Meet a few people who are reshaping Boca, from business to government to academics and the arts
IT’S A NEW DAY IN BOCA RATON. The city may still bask in the reflected light of its resort status, but its bold trajectory toward the future is a mix of innovators and visionaries, educatorsand entrepreneurs, people who believe in possibility—and don’t take no for an answer. Meet a few of them.
Katrina Carter-Tellison, vice president of academic affairs at Lynn University, started lighting up the Boca radar some years ago but especially in 2018, when she was instrumental in launching a new Bachelor of Fine Arts program at Lynn, specializing in musical theatre and acting. “That was a pretty big deal for us,” she says, “a signature program here at Lynn.”
Since then, her name comes up often not only at Lynn, but in business circles. She now sits on the board of the YMCA, and is on the International Advisory Board for Women Forward International, an organization focused on using art and culture and education to empower more women and “help advance human progress … in a way that to helps solve problems.”
Carter-Tellison, now 50, is herself no stranger to problem solving, overseeing “the academic side of the house” at Lynn, which numbers about 200-250 people, including the area of career connections and learning abroad—“any experience that the students would have from an academic perspective.” It’s a big job, and she has big ideas that go along with it, including an ambitious perspective for preparing students to enter the “real world.”
“My emphasis is to create a curriculum that helps [students] succeed, helps them understand that they need to go into a job and right away, on day one, be making a difference—in that environment, but also understanding the importance of being part of the human race, being a citizen…”
Carter-Tellison, who is married with twin 15-year-old sons of her own, gets the importance of earning money and honing “essential” skills Lynn teaches in the core curriculum. But her passion is getting students to see they have a larger responsibility, too, and that is to effect positive change along the way.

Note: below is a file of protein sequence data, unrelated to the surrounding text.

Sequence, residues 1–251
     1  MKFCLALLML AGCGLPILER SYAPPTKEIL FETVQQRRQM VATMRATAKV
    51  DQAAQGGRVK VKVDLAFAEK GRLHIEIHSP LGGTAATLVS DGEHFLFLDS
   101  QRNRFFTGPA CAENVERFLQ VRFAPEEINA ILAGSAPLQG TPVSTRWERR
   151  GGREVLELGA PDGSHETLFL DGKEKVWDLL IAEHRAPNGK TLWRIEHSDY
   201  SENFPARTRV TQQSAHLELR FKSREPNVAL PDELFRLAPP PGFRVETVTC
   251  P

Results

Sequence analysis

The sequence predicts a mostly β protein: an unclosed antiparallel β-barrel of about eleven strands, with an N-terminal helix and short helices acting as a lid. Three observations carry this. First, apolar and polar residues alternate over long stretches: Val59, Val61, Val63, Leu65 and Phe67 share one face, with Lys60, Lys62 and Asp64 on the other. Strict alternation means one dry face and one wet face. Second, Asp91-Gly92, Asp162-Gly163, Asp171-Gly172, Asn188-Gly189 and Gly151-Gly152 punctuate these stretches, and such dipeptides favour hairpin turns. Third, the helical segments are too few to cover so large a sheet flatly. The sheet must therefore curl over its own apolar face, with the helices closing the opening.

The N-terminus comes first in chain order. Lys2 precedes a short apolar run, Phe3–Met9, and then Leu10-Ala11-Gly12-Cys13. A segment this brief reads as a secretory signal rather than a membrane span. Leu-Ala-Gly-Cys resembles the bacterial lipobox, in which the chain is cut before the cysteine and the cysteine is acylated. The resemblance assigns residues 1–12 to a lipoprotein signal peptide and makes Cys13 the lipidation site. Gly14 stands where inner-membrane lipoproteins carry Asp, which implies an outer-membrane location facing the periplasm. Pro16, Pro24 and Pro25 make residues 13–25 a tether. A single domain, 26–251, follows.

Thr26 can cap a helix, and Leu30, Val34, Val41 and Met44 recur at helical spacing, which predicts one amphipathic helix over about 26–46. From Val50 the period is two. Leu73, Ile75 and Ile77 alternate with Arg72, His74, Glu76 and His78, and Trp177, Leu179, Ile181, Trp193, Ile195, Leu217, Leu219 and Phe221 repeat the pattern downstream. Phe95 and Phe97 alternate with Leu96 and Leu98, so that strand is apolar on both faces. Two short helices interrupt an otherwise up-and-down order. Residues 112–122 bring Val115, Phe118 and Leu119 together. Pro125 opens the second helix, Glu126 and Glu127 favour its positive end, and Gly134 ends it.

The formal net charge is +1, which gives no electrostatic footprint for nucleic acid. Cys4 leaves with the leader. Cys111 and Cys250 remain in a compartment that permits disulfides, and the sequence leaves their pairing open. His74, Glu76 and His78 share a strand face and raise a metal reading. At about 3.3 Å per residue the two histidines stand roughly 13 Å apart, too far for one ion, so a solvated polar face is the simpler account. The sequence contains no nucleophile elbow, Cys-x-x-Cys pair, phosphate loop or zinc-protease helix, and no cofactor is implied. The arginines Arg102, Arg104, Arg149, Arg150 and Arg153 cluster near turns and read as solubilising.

“Understanding the role of democracy is really important,” she says. “Understanding that they need to make a difference in some small corner. They don’t need to donate big money, they don’t need to be in line for the next Nobel Peace Prize, but they do need to understand that collectively we all have to do something toward advancing our future, and that making money is not the only piece of that.”
The notion of working to make society better is a natural for Carter-Tellison, who received her undergraduate and graduate degrees from the University of Miami in sociology. A native of the Cayman Islands, with her family all in some form of banking, she forged ahead with another interest.
“My area of expertise was in race and ethnic concerns. I came from the Cayman Islands, where race was not really something that was overly front and center—it was much more about class than it was about race. When I moved to the U.S. it was the first time that I realized that race was such a profound issue and sort of defined much about our existence. My father is Black, my mother is white, and so when I came to the U.S. as a woman of color, I thought, wow, this was really a thing that shapes and influences a lot of how we function.”
Her interest in race and nationality was in fact what led her to Lynn initially. (She has been there 17 years now.) “What really appealed to me was that it was very diverse internationally. When you come to campus you see all these flags, right? It means that we have someone currently in residence that is from that particular country. That first day I drove around looking for my flag—I found my flag and knew they had a student here on campus from the Cayman Islands, so I felt that affinity. … To have students in [your class] from different places and how they understand concepts like citizenship, democracy—all of that is very dynamic.”
Carter-Tellison is also a proponent of academicians climbing down from their ivory towers and becoming involved in their local communities; she thinks it’s a win-win for both.
“Academics have to have a strong partnership with the community. If we don’t have a strong partnership with the community, we don’t know what skills students are going to need when they go out into the world. … And there are things we can do to help the community in terms of problem solving. The community can help inform how we do things as well.”
Carter-Tellison says it all boils down to service and advocacy and improving the world—through education and community involvement.
“That is a key component to our lives,” she says. “To advancing who we are as a people and continuing to advance democracy. Democracy isn’t necessarily automatic. There’s a philosopher by the name of John Dewey, and he says, ‘Democracy has to be reborn every generation, and education is its midwife.’”